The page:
Damages for a breach of a covenant or agreement to keep or put premises in repair during the currency of a lease, or to leave or put premises in repair at the termination of a lease, whether such covenant or agreement is expressed or implied, and whether general or specific, shall in no case exceed the amount (if any) by which the value of the reversion (whether immediate or not) in the premises is diminished owing to the breach of such covenant or agreement as aforesaid[...]

                              That basically means that if the rental value of the property with the damage complained of is the same as the rental value without the damage complained of the landlord has suffered no loss. To put it another way, would remedying the damage increase the rent the landlord could get? If the answer is "no" then the landlord has suffered no loss. The fact that the damage may put some people off is not relevant; the question to ask is whether, assuming normal market conditions, there is a reasonable prospect of the property being relet within a reasonable period.

                              Part of the problem is that a landlord sees both "before" and "after" and notes all the differences. However, no property is perfect. A prospective tenant only sees the "after" and all the "new" defects are (if spotted at all) taken in with the "old" defects. If the over all condition of the property is reasonable, minor defects are not going to be a major factor for most prospective tenants. It has to be doubted that a "slight burn" on a worktop is ever going to a deciding factor.

                              Another way of looking at it is this: if someone buys a property with a view to letting it and an otherwise perfectly serviceable worktop has a slight burn on it, would he replace the worktop? I suggest that the answer is that he would not. That being the case, there is no difference between letting a just acquired property with an imperfect worktop and letting a recently vacated property with an imperfect worktop.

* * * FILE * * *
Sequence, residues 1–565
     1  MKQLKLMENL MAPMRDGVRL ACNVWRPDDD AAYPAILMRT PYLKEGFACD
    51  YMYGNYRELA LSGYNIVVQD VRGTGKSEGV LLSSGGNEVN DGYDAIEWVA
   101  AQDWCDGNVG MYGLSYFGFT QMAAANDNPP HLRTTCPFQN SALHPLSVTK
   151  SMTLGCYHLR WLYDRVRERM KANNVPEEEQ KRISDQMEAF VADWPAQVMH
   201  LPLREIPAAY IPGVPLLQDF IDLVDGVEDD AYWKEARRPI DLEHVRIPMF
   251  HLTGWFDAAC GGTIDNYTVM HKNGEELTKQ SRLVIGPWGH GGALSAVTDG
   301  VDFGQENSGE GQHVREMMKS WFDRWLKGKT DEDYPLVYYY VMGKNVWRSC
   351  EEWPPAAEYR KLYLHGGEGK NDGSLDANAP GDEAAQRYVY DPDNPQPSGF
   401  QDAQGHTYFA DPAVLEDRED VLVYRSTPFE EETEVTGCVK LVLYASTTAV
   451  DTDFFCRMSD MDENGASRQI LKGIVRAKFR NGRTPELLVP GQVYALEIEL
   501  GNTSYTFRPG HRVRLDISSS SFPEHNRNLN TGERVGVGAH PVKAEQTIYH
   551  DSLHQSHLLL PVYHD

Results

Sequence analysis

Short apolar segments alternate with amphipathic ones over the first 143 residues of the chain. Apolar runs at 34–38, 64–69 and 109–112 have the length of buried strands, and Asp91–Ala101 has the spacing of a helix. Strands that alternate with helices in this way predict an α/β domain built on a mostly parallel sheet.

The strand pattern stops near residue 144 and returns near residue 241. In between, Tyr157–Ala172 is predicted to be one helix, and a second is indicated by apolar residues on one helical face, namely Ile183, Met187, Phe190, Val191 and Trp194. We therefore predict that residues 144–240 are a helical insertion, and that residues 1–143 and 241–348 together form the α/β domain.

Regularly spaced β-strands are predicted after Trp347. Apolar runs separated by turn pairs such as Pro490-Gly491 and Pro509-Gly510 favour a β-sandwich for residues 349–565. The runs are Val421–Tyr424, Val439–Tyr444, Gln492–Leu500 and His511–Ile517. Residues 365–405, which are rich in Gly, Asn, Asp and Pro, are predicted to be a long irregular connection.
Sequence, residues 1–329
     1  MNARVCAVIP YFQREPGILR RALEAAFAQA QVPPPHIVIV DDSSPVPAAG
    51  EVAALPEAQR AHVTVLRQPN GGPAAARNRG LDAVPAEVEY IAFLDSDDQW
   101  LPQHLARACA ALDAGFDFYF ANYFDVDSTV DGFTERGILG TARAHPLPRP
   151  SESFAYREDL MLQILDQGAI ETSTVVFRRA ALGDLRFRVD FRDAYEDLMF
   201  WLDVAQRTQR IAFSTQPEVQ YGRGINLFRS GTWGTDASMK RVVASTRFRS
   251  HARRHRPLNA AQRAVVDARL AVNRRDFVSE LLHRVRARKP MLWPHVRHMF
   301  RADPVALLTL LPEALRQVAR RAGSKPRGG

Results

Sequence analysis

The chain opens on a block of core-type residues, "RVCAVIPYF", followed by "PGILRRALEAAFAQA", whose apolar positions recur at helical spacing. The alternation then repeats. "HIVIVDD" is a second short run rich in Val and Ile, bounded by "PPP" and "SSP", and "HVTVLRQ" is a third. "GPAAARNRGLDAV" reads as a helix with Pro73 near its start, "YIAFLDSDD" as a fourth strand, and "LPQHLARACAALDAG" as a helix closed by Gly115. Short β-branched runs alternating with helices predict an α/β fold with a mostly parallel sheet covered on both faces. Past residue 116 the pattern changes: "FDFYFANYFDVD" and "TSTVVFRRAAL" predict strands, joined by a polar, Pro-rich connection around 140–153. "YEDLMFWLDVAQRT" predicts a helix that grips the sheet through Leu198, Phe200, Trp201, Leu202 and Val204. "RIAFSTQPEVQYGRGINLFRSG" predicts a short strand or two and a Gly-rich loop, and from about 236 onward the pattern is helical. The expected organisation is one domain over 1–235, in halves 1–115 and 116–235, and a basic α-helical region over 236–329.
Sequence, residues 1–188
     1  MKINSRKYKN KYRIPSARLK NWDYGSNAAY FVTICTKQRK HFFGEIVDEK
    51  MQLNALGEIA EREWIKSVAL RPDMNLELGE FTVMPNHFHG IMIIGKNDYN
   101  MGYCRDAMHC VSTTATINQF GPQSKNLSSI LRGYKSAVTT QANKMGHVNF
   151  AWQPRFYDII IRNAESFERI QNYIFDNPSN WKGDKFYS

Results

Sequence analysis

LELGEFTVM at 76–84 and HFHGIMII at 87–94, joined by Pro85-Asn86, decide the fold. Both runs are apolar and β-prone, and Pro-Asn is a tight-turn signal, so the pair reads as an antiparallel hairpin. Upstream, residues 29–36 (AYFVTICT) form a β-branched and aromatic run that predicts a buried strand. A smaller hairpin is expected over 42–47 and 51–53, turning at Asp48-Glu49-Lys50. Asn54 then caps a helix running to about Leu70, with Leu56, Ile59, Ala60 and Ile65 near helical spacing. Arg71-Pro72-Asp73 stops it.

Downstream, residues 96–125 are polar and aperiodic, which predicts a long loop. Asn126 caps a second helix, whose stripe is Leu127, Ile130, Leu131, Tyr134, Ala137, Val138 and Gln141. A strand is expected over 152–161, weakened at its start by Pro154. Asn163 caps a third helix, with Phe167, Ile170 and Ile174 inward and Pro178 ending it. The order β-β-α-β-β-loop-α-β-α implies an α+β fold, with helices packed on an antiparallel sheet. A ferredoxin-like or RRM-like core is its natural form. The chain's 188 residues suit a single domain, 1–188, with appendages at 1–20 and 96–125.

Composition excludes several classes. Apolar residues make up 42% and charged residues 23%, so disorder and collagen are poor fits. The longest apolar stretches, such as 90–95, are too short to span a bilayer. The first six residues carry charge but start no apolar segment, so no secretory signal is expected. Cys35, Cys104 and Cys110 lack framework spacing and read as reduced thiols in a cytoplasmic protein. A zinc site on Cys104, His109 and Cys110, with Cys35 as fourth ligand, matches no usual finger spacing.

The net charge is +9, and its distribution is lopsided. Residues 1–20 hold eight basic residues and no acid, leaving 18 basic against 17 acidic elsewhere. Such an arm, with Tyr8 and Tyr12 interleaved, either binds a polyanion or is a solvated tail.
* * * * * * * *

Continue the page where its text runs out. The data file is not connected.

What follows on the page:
What it all comes down to is that a landlord cannot expect a property to be returned to him in the same condition it was in at the start of the tenancy. What constitutes fair wear and tear is matter of degree and is also going to depend on the condition of the property at the start of the tenancy and how long the tenant has been in occupation.

                              As to carpet stains if I were a judge I would say to a landlord: "You should have laid a stain coloured carpet. You can hide the stain with a mat. You can buy a mat at an auction for a pound. Damages one pound. Next case." I think we can class that as a "Pish!"

                              Comment